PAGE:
Tuesday, April 19, 2005

Grateful two times

Thank you, from the bottom of my overwhelmed little heart. Thank you to everyone who left comments, personal anecdotes and words of encouragement. Thank you for taking the time to answer my questions and be kind.

I am just like you, and occasionally shy to comment, so I appreciate it immensely if you broke your normal pattern and left one.

There is one thing I do need to clarify. My main question was not so much regarding the comments and my lack thereof. It's true that I measure myself against them sometimes, and I do bug about it when I write something and there's not much feedback. It's perplexing to me. Why some blogs get tons and others hardly any. It might be a silly question, of course we all have our preferences of matter, but I remain curious.

Ever so often, it feels like I'm alone on an empty stage with the occasional passerby glancing at me, stopping and giving a smile. While other times a look of, "that poor crazy girl, talking to herself again". And there are instances when I feel the warmth of applause, I would never discount that. As a very talented and wise friend of mine said recently, "no one wants to talk to the bottom of a well unless he's 5-years old, or insane". I love that line. I wonder if spitting off a bridge is comparable. Anyway...

This time I was more interested in what keeps you all going, for those of you who are sending your words out into the blogosphere. I personally feel that it's a brave move to do this. I'm sure there are those who don't care, or those that have clear agenda's, but this is still rather new to me and with a mood swing built for the likes of Shrek's ass, I still have anxieties. You see, my feelings about most things rotate like a pig on a spit. They're not a constant. And very hard to keep up with. Fucking A to that.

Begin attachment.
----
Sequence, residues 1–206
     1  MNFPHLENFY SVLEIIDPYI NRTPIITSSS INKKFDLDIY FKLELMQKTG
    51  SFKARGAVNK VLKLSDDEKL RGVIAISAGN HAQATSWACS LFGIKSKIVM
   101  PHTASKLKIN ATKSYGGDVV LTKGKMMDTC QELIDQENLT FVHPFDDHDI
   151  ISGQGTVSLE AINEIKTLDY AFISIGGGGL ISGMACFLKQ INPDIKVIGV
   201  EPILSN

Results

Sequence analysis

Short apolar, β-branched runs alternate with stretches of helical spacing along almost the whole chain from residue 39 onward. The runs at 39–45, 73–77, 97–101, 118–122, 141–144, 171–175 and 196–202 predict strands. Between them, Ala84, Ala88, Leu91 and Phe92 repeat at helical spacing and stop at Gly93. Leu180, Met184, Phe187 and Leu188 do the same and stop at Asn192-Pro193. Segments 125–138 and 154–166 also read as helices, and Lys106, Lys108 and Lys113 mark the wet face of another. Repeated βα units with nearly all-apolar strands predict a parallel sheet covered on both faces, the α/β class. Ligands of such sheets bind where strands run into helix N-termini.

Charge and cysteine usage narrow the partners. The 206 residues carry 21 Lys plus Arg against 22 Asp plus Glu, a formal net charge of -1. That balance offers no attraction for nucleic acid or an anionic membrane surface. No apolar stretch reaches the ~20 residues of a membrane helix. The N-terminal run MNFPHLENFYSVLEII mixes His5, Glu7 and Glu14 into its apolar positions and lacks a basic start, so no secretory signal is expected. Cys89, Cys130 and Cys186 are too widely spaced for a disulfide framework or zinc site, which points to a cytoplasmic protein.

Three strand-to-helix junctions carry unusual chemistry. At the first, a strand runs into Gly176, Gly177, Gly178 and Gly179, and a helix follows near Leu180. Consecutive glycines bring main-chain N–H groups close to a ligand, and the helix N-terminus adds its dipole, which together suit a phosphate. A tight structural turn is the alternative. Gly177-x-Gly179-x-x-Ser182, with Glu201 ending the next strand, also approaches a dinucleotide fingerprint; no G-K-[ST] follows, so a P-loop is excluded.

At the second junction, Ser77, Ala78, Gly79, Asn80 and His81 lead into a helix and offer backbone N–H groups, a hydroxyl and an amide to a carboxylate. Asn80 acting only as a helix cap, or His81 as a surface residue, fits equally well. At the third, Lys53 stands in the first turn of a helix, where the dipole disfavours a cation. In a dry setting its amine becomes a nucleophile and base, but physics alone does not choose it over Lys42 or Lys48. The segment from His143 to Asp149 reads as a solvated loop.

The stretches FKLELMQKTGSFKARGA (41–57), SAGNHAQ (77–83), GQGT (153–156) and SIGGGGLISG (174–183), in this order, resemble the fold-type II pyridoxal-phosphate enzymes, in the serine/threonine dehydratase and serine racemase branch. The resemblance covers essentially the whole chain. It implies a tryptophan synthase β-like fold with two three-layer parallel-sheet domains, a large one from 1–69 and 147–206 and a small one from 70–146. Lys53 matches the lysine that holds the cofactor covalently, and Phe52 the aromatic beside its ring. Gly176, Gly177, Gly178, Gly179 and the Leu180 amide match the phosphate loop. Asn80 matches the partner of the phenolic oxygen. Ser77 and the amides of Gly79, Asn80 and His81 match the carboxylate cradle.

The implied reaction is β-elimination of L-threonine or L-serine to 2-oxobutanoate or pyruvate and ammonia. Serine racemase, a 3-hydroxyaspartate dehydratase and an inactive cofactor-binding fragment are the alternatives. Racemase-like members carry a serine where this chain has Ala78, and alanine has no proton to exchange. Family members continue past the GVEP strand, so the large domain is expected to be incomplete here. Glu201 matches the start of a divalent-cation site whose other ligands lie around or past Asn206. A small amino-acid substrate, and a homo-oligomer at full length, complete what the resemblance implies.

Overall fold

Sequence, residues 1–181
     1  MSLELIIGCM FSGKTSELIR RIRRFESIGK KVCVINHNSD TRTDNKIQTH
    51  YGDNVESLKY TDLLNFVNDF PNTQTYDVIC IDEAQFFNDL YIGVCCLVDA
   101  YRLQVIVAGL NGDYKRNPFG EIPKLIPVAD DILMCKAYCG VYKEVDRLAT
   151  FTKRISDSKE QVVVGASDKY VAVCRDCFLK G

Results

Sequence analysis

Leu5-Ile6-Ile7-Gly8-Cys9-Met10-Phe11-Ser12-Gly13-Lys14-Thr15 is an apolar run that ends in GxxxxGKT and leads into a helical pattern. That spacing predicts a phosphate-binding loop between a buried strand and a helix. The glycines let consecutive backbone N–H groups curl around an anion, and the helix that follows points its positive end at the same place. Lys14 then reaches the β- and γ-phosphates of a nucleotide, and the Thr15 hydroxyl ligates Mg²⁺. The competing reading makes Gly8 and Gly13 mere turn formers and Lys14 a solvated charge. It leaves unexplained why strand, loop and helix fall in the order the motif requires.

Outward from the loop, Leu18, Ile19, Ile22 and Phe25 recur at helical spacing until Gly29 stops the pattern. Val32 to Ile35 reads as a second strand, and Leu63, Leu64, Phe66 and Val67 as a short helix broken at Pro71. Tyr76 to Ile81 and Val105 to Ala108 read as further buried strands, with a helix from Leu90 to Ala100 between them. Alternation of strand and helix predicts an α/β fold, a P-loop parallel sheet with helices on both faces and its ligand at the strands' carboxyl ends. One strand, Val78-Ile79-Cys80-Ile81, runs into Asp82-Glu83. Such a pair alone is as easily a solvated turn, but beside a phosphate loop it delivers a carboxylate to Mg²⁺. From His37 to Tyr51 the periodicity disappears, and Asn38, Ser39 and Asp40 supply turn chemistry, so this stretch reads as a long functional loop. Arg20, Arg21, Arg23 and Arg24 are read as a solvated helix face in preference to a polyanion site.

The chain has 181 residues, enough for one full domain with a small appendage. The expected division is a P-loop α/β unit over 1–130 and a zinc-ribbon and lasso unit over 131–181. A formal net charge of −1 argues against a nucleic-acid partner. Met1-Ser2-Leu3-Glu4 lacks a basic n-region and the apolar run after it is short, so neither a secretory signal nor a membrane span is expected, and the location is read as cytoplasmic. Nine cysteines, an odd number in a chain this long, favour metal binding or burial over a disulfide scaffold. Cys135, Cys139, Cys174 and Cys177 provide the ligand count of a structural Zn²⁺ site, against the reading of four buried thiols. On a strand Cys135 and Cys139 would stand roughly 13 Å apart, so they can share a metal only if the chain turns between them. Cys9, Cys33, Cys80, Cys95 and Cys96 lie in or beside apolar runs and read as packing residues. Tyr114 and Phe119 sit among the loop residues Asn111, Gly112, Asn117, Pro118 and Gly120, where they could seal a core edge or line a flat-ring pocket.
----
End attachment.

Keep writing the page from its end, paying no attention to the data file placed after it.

What I've discovered from your replies, doing some reading and a lot of thinking, is that people do this for all kinds of reasons. What matters most is figuring out why I'm doing it. And why I should keep doing it. It's becoming clear. I do have a need to write. More than ever in my life, a need to purge what's bouncing around in my head. Clear out this bingo-spinner of thoughts.

A life-long fault of mine continues to rear its ugly head. When I try too hard, paired with expectations, throw in a dash of anxiety and worry, it's a recipe for failure. Intellectually I recognize this in myself. Emotionally, Quick-Draw-McIrrational-Grumpybutt forgets. Last week I forgot.

The most important realization I've learned in the last year is directly related to my on-going experiences with cancer. When you go through a traumatic event in your life, be it a death, an illness, an accident, whatever red-lines on the shit meter, you have to create a "new normal".

Reacting to an every day event can be completely unpredictable. It's surprising, then scary, then sad. It's not something you can really prepare for. And you can't figure it out until you've gone all the way through it, like a bull in a china shop. You turn around and say, "Holy crap!" "Did I break all that stuff?" "How the hell did that happen?" "Ohhhhh, I know. I ran through there waving my arms like a crazy person. Next time I'd better keep my hands safely in my pockets." "Duhh."

Then you hope you'll remember. And if you don't, you'll try again the next time. And as predicted, another situation arises and you have to figure out how to handle that one, because most of your old tricks and tactics just don't work anymore.

I suppose these types of changes everyone experiences. As we move through life, growing and maturing, they're subtle. Being thrust into a life-altering situation speeds up the process and it takes your head awhile to catch up.

This is what I've experienced as a result of that stupid fender-bender. The day of the accident I was all kinds of breezy. Understanding, cool, calm, cofuckingllected. Then the next day I woke up sore, shaken, and exhausted from spending the entire day on the phone being poked and prodded by insurance companies. And kaboom. My new peaceful demeanor was as scratched and dented as my bumpers.

I was shocked and disappointed. Throttled with worries. Tripped by insecurities, imagined and battled. It's disappointing to know that I still have triggers that will send me sailing 10 paces backwards, but this is my new normal. My emotions have been re-wired and I'm still learning the manual. And I fucking hate reading directions.

But I'm shaking it off, like the kick-ass rockstar I am, and I will figure it out. As I do this, I'll write about it. And I hope you'll enjoy it with me.

Thank you again. And then one more time.

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